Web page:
By comparing these results with the results obtained through the research are relatively similar (Moznik et al., 2013). Gymnasts in 2007 and 2011 were tall, around 166 cm and weighed around 62 kg. As for the differences in height and weight by individual disciplines, there's not a lot of difference compared to the measurements carried out in 1933 and 2000, so their research has shown that there is still a difference between the gymnasts in the cut and the bars, which are still taller and heavier than gymnasts on rings and vault. From this research, it is obvious that the top gymnasts are all shorter and weigh less. The trend of the height and weight of the gymnasts is determined by the development of gymnastics in which today dominate strong reflections, large amplitude, a longer stay in the air, fast rotation, and elements with more than one rotation around the transverse and longitudinal axis (The Fédération Internationale de Gymnastique), for which smaller body is much more convenient than the larger one. Also, it has been established that the age of the top gymnasts has increased on average if we compare it with 1933 and the year 2000 (Cuk et al.).

An analysis of all the female US Olympic gymnastics teams by (Sands et al., 2012), found that when using linear correlations height, mass, age, BMI have been declining since 1956. This is the same as the result below, in this analysis of just the Olympic champions. However, against this trend, second-order polynomial curve fits indicated that in the last four OG the gymnastics have been getting heavy. The best US Olympic team finishes were accomplished when the teams were not the smallest, lightest, or leanest but greater than the lowest recorded values. The minimum age rule modifications may have played a role in the athlete size changes along with a shift from the near dominance of the former communist Eastern Bloc.

A number of athletes competing in each sport OG2012 and as a percentage of the total. Artistic gymnastics n=198 or 1.8 % all athletes (n=10881) at OG2012, (The Guardian, 2016). The average heights of the Olympic allaround gymnastics champions have generally decreased in the data shown from 1956 until 2012. The decrease in height is more pronounced for women than men. The BW of the Olympic all-around gymnastics winners has generally decreased in the data shown from 1956 until 2012, in line with changes in height. The decrease in weight is more pronounced for women than men (Topend Sports, 2016).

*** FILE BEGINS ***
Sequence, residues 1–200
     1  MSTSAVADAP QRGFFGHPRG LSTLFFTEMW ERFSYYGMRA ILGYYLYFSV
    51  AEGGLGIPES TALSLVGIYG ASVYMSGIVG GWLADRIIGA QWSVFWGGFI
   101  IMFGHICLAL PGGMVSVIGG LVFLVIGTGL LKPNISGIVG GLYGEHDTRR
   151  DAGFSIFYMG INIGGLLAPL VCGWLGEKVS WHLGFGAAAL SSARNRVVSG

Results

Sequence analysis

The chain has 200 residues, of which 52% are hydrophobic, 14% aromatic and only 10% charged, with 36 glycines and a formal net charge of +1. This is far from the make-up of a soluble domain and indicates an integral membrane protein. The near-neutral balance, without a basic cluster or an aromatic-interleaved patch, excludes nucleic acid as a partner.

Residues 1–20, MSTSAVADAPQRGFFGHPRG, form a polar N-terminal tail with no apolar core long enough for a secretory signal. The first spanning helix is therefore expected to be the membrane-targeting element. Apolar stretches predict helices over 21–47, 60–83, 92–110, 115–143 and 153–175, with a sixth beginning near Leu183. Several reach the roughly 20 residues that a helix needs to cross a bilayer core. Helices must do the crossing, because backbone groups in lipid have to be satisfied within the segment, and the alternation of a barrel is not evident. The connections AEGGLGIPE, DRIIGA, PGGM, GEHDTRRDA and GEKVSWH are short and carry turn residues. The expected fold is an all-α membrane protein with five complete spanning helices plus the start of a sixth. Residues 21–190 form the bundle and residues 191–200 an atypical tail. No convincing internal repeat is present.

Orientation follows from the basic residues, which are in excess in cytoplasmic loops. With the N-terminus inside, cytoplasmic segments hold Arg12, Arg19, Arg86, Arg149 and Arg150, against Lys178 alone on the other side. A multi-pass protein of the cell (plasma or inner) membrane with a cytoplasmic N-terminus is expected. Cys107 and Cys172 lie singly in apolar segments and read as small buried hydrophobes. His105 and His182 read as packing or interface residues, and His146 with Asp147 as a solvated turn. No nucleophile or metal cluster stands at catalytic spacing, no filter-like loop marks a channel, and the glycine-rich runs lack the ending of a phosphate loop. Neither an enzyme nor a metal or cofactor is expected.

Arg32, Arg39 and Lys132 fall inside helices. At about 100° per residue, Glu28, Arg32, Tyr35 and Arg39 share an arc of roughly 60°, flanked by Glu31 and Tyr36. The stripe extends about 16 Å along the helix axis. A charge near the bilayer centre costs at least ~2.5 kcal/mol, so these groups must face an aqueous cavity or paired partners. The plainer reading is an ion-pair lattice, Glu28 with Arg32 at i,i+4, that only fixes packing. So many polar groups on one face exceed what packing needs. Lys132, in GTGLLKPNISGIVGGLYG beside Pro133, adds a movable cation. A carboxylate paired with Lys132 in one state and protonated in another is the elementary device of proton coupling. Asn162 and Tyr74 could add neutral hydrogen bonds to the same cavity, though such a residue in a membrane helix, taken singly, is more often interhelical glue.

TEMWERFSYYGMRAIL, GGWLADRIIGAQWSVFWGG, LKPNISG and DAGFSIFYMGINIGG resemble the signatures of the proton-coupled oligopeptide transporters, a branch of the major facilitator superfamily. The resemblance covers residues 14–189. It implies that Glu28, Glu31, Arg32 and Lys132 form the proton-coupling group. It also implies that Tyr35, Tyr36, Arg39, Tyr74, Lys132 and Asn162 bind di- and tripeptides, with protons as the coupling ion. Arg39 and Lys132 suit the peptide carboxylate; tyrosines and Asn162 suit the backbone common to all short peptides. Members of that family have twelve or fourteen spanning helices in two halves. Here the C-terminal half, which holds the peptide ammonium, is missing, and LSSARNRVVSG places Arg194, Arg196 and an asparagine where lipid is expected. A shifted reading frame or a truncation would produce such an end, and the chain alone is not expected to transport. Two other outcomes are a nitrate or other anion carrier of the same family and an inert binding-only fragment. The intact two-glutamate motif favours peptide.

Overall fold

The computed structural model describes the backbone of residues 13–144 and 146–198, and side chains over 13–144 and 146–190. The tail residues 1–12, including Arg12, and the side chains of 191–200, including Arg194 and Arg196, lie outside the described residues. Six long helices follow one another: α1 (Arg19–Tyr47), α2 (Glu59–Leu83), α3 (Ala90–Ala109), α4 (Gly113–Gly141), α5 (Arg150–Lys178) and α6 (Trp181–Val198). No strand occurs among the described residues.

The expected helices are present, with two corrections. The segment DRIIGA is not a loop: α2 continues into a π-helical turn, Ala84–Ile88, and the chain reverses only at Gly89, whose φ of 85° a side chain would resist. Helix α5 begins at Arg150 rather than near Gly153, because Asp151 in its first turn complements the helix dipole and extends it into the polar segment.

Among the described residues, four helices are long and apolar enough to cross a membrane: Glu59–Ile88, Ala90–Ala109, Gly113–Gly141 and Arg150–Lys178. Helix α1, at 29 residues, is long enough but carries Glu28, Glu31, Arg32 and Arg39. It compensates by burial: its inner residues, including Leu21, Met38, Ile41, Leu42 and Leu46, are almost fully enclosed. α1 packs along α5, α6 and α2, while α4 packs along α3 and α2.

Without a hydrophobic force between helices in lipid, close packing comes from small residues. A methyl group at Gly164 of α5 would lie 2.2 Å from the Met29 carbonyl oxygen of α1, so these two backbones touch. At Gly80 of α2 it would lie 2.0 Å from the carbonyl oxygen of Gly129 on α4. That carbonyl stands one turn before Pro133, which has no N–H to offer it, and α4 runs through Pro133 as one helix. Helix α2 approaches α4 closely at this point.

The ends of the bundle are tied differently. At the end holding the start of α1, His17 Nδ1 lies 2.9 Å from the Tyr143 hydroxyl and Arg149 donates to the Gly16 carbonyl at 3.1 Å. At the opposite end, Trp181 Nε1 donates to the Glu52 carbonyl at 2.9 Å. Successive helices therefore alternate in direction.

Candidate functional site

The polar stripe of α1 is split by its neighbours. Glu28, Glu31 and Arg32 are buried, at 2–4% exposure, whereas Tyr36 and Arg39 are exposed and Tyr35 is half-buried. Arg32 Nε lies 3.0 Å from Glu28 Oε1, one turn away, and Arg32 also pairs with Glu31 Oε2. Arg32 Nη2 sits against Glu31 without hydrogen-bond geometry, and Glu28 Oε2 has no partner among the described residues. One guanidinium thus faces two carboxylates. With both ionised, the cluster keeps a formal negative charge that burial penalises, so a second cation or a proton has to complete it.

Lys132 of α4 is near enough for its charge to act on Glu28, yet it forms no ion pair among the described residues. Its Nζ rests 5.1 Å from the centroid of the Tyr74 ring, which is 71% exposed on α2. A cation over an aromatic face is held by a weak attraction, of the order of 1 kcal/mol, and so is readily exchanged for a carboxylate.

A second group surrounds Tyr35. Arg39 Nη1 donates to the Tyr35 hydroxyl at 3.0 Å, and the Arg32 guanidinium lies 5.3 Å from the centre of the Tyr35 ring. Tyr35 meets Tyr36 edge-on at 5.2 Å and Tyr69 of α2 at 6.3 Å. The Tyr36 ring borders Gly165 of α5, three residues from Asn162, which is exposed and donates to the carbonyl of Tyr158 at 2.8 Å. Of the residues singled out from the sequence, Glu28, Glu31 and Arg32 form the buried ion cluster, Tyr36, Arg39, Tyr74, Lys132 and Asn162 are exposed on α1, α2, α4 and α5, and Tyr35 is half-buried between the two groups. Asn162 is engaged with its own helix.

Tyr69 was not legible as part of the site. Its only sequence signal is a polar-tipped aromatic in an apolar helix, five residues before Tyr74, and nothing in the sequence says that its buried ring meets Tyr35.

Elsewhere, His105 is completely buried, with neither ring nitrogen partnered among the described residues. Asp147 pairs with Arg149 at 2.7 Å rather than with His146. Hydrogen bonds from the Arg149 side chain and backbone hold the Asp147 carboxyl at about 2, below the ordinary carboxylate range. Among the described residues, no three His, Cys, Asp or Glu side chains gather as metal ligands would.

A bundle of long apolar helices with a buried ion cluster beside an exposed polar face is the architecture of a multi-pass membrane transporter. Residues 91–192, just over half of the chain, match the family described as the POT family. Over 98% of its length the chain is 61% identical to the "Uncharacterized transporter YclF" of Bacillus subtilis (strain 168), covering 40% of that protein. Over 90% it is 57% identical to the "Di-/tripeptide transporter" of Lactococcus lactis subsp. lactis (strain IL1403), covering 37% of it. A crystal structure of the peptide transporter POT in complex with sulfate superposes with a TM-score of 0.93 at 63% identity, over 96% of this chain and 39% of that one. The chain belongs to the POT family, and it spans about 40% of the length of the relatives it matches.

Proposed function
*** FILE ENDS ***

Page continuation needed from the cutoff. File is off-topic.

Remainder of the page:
Dr. Kevin Thomson, wrote about the physical qualities of gymnasts for the BBC, noted that «being small» helps with rotational skills (for example, somersaults with multiple rotations). For the same reason, gymnasts also tend to have short arms and legs (Thomson, 2016). Dr. Malina, suggested most gymnasts are short because they have short parents, rather than because over-training stunted their growth. However, the fact that gymnasts are small can't all be credited to self-selection (Tanner et al., 1983; Moss, 2016). A study published (Bass et al., 2000) found that, while the sport does draw women who are short and have delayed bone age (means that your skeletal maturation is lagging behind your actual age), gymnastics training can have some impact on growth.

The results (Atikovic et al., 2017a,b) not showed significant differences between six apparatus in men's artistic gymnastics and four in women’s artistic gymnastics in body height and weight. In the OG 2016, women are on average shorter than men for 12.34 cm and weightless for 14.75 kg. Correlations between body height and weight amounts to (MAG: r = .71; p < 0.01) and (WAG: r = .75; p < 0.01). Atikovic´ et al. (2017a,b) show also in the last 15 years, there has been identified a linear and second-order polynomial-regression increase in the age structure of participants in MAG and WAG in the largest world competitions. In the analyzed period of time, MAG and WAG age of gymnasts increased. The male gymnasts from 2003 to 2016 are on average older for 2.3 years and female gymnasts for 3.3 years. In the upcoming period, we do expect (with apparatus specialization) that age will rise. Changes in the General Rules and Code of Points by the Fédération Internationale de Gymnastique after 1997 years the trend is a significant change in the Olympic Games for WAG.

CONCLUSIONS

Defining the influence of morphological characteristics to the final performance in particular gym activities is extremely important. The reasons for this claim can be presented through the following points:

- on the basis of accurately established importance of some morphological features of the final result, one can safely approach to the selection and orientation.

- a single morphological characteristic that has a high impact on the final result in a discipline of gymnastics in the overall training scratch up should be more represented from other elements that are not so much connected with the final result. - on the basis of the data of the specific importance of some morphological characteristics, it can be a better approach to modeling gymnastics training.

On the basis of what was presented in the work, the importance of the permanent identification of morphological characteristics in sports gymnastics is clear, because it is only this way that can affect their sport development, and thus to achieving outstanding results such as the Olympic Games where the best athletes from all around the world come.

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Received: November 25, 2019; Accepted: February 12, 2020

*Correspondence to: Email: almir.atikovic@untz.ba

**

Corresponding author: Almir Atikovic, Ph.D. Faculty of Physical Education and Sport University of Tuzla 2. Oktobra 1 75000 Tuzla - BOSNIA AND HERZEGOVINA.